The ongoing saga of LinkedIn’s battle against data scraping is still ongoing, with a new appeals court ruling once again going against the company, essentially ruling that scraping of publicly available data is legal, and that LinkedIn has no grounds to block access to third-party providers which are scanning its user profiles for their own use.
A quick summary of the case – back in 2017, LinkedIn sought to cut off hiQ Labs from its service after discovering that hiQ had been scraping LinkedIn user data, harvesting the personal information on publicly available profiles of LinkedIn users in order to build its own recruitment information service.
hiQ Labs uses LinkedIn profile information in order to build data profiles that can predict when an employee is more likely to leave a company.
hiQ took LinkedIn to court over its moves to restrict access, and the case has been shuffling up and down the various appeals processes ever since, and has become a precedent-setting example in the battle against data scraping more broadly.
The latest decision, handed down this week by the Ninth Circuit of Appeals (and first reported by TechCrunch), is that scraping data that’s publicly accessible on the internet isn’t in violation of the Computer Fraud and Abuse Act.
The ruling supports the original Appeals Court ruling from 2019, which also found that it’s legal for any company to access and utilize publicly available user data, from any platform, with users’ having no rights to govern this expanded usage.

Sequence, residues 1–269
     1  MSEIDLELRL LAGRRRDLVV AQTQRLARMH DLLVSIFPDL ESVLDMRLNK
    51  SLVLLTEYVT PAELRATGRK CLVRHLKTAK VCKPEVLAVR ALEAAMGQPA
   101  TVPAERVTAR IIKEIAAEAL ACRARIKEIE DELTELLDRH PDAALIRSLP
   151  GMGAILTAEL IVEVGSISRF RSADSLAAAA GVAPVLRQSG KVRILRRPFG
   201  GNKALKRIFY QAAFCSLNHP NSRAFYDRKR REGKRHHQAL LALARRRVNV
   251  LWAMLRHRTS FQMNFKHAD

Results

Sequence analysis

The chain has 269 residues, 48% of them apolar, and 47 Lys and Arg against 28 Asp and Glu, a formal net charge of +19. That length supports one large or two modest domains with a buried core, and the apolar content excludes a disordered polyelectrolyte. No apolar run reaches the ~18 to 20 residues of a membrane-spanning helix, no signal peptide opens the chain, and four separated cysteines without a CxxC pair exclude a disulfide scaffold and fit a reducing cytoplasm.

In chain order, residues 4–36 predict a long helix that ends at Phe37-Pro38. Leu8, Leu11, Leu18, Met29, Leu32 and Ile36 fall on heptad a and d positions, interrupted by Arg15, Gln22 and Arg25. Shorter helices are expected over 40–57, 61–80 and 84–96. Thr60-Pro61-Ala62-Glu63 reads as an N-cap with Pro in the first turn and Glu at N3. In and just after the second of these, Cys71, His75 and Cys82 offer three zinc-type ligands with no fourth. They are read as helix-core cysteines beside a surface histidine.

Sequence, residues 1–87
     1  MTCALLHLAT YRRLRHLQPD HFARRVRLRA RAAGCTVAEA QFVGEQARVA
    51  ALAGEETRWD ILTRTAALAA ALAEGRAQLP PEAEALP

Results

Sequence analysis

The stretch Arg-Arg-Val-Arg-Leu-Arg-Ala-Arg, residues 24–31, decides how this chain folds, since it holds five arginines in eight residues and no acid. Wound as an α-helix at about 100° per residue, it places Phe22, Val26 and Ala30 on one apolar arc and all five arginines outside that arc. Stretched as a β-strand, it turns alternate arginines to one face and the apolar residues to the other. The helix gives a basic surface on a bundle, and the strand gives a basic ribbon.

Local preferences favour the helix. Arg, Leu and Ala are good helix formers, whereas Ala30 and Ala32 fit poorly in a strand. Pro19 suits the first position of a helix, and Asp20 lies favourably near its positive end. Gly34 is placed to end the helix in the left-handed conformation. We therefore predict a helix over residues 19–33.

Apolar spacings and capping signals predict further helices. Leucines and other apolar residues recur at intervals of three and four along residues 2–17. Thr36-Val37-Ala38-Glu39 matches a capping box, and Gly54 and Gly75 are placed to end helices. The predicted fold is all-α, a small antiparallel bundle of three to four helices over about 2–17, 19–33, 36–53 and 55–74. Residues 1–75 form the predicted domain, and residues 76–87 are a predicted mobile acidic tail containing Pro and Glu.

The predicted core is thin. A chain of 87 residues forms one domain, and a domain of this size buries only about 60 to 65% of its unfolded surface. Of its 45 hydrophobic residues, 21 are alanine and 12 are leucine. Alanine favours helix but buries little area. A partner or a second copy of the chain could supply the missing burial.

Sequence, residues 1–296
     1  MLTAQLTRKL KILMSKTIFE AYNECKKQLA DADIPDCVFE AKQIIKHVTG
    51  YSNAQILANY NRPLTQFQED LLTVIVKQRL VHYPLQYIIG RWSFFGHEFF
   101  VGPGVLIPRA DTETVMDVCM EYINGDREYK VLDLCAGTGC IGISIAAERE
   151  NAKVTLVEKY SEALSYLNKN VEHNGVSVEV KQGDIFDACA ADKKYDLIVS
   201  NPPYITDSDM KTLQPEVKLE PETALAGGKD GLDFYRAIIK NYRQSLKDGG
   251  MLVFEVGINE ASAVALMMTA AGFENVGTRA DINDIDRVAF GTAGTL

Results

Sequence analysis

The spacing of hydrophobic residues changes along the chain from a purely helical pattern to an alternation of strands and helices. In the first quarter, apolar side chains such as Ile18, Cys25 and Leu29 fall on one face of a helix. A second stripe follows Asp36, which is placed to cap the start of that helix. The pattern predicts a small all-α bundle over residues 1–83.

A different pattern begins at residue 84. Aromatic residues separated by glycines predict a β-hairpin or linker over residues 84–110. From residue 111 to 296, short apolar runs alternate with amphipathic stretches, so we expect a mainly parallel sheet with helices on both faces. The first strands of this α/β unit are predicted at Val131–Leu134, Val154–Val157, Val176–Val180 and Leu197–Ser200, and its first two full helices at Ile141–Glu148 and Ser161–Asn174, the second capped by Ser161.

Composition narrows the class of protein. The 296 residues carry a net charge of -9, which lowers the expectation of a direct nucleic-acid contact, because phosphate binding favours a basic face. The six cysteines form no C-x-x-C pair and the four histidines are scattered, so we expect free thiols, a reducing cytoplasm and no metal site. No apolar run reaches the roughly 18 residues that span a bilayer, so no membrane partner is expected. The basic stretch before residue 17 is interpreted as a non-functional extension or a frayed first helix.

Which seems a little off, and it makes sense for LinkedIn to push against this. But at the same time, as TechCrunch notes, the broader implications for data scraping also relate to archivists, academics and researchers, who also use tools to scrape information on mass for alternative purpose.
There is research value in such process, but there should seemingly be a middle ground, or at least, some level of restriction, you would assume, on repurposing user information for commercial means.
That’s the basis of Meta’s legal action against data-scraping, which it launched in 2020, taking two companies to court over browser extensions that extracted user data from Facebook, Instagram, Twitter, YouTube, LinkedIn and Amazon, “in order to sell “marketing intelligence” and other services.”
That case, too, is still ongoing, and it’ll be interesting to see how the defence uses the hiQ Labs example as precedent in this case.
In any event, it still seems like the current laws are outdated in regards to scraping data from social media platforms, which, if they remain unchanged, could eventually see social apps look to further restrict publicly available user info.
Which both Meta and LinkedIn have already done to a large degree.
Meta made big changes to how it displays personal information following the Cambridge Analytica scandal, while LinkedIn has increasingly limited the information that people who are not logged in can view.
Yet, at the same time, LinkedIn draws a significant amount of traffic from Google searches for member and business names, which means that it likely needs to display a level of user info in order to maximize that access.
In any event, LinkedIn will once again challenge the ruling.
In a statement, LinkedIn said that:
“We’re disappointed in the court’s decision. This is a preliminary ruling and the case is far from over. We will continue to fight to protect our members’ ability to control the information they make available on LinkedIn. When your data is taken without permission and used in ways you haven’t agreed to, that’s not okay. On LinkedIn, our members trust us with their information, which is why we prohibit unauthorized scraping on our platform.”
It’s a complex issue, which likely requires new laws to cover varying uses, and ideally, that will be the eventual outcome of the ongoing push.
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